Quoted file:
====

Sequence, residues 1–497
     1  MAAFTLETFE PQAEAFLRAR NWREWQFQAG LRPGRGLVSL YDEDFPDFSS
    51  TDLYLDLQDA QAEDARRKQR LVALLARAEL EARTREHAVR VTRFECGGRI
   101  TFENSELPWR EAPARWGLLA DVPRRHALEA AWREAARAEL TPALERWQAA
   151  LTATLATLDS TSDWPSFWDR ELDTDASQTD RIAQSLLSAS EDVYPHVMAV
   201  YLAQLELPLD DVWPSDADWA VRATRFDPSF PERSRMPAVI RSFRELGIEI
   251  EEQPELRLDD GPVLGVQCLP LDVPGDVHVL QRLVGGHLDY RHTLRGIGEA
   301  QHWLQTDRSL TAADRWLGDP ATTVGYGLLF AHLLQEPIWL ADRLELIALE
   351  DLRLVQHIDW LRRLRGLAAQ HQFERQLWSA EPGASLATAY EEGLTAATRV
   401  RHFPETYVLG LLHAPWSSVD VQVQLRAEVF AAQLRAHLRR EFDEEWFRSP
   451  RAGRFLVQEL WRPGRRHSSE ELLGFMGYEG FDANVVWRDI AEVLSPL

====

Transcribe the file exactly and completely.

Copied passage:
Sequence, residues 1–497
     1  MAAFTLETFE PQAEAFLRAR NWREWQFQAG LRPGRGLVSL YDEDFPDFSS
    51  TDLYLDLQDA QAEDARRKQR LVALLARAEL EARTREHAVR VTRFECGGRI
   101  TFENSELPWR EAPARWGLLA DVPRRHALEA AWREAARAEL TPALERWQAA
   151  LTATLATLDS TSDWPSFWDR ELDTDASQTD RIAQSLLSAS EDVYPHVMAV
   201  YLAQLELPLD DVWPSDADWA VRATRFDPSF PERSRMPAVI RSFRELGIEI
   251  EEQPELRLDD GPVLGVQCLP LDVPGDVHVL QRLVGGHLDY RHTLRGIGEA
   301  QHWLQTDRSL TAADRWLGDP ATTVGYGLLF AHLLQEPIWL ADRLELIALE
   351  DLRLVQHIDW LRRLRGLAAQ HQFERQLWSA EPGASLATAY EEGLTAATRV
   401  RHFPETYVLG LLHAPWSSVD VQVQLRAEVF AAQLRAHLRR EFDEEWFRSP
   451  RAGRFLVQEL WRPGRRHSSE ELLGFMGYEG FDANVVWRDI AEVLSPL